SAN JUAN – The government of Puerto Rico has relieved Police Chief Michelle Hernandez of her duties, amid a labor conflict in the police force marked by widespread absenteeism, which has left few officers in the streets and a consequent rise in homicides.
The executive director of the Puerto Rican Police Union, Jose Marin, told EFE on Tuesday that he hopes the absenteeism will be resolved and safey on the streets restored.
Puerto Rican Gov. Ricardo Rossello said Monday in a statement that he had accepted the resignation of Police Chief Hernandez, but whether she left the department of her own volition is not yet clear.
The statement added that Rossello had designated Lieut. Col Henry Escalera as interim commissioner of the Puerto Rican Police Department while the search is on for the best candidate to fill the post.
Hernandez’s departure comes at a time of great controversy because of the vast number of police on sick-leave, which brought about Rossello’s warning that police who failed to show up for duty during the past Christmas season without justification would be sanctioned.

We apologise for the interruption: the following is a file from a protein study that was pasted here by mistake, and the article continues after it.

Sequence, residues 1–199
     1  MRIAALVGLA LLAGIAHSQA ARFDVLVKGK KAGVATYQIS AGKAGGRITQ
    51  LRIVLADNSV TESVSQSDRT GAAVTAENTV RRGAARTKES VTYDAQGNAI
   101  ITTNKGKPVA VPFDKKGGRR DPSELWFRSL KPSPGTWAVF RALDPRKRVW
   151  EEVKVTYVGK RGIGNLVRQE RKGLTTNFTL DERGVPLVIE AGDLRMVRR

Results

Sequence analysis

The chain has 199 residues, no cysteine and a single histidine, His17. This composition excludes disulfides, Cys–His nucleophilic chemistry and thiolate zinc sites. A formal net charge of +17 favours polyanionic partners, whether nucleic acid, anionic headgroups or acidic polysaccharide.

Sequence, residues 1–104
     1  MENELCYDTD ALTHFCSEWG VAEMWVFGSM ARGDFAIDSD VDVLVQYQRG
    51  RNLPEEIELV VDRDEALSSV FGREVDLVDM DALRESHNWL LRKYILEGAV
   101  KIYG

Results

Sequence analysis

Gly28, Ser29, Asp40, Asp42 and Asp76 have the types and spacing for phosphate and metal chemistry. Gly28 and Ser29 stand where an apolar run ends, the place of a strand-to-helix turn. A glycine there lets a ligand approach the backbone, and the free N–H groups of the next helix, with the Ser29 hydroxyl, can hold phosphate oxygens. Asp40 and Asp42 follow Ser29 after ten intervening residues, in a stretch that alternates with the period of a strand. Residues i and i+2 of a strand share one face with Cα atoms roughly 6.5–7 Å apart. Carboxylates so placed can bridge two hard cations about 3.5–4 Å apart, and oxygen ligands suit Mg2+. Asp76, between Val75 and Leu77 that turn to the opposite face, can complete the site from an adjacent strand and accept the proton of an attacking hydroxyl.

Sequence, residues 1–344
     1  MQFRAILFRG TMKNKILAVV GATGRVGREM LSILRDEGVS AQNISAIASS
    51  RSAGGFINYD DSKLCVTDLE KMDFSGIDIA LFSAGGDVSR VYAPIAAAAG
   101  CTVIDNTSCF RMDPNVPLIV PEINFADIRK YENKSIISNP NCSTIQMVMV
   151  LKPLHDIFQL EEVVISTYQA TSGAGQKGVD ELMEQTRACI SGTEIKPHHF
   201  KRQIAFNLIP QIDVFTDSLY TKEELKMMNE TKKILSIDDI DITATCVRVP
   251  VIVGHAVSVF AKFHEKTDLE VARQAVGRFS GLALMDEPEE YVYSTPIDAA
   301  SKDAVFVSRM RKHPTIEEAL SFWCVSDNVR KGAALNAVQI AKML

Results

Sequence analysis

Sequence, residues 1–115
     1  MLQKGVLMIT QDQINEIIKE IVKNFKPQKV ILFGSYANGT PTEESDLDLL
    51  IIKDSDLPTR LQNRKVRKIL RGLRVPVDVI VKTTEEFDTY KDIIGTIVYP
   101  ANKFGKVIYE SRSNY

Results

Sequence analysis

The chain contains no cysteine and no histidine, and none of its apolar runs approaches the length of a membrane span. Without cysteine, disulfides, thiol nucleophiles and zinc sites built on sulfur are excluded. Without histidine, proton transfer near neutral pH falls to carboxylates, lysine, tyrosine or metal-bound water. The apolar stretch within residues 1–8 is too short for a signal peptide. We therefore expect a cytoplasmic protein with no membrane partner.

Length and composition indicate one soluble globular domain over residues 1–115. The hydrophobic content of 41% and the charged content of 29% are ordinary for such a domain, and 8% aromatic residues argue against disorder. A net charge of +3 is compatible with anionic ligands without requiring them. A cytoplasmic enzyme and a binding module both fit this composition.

Police absenteeism was originally noticed during the first shift on Christmas Day, when Puerto Rican police told EFE that a total of 2,615 agents took sick-leave and were absent from their posts.
Local media said at the time that the disproportionate absenteeism forced several precincts to close on Christmas Eve.
The union leader said that although the last straw was the delay in the payment of overtime hours worked in the weeks following Hurricanes Irma and Maria, there were other reasons, such as the precarious situation these officers were in after their retirement plan was eliminated in 2013, as were the payments for unused sick-days.
“There has been an accumulation of abuses,” said Marin, for whom absenteeism has been a way for police to demand their rights.
Marin noted that the walk-outs were a limited but necessary way to demand their rights and were being implemented due to the inaction of the newly replaced police chief.
Puerto Rican police officers have gone years requesting better pay, but the response of the Ricardo Rossello government has been that the lack of funds makes it impossible to satisfy that demand.
The unrest only got worse after the hurricanes of September blasted the island and police had to work more than 12 hours a day.
The departure of the chief of police also comes at a time when the number of homicides is on the rise.
According to police data, a total of 28 murders have been recorded up to now in 2018, compared with 10 by the same date in 2017.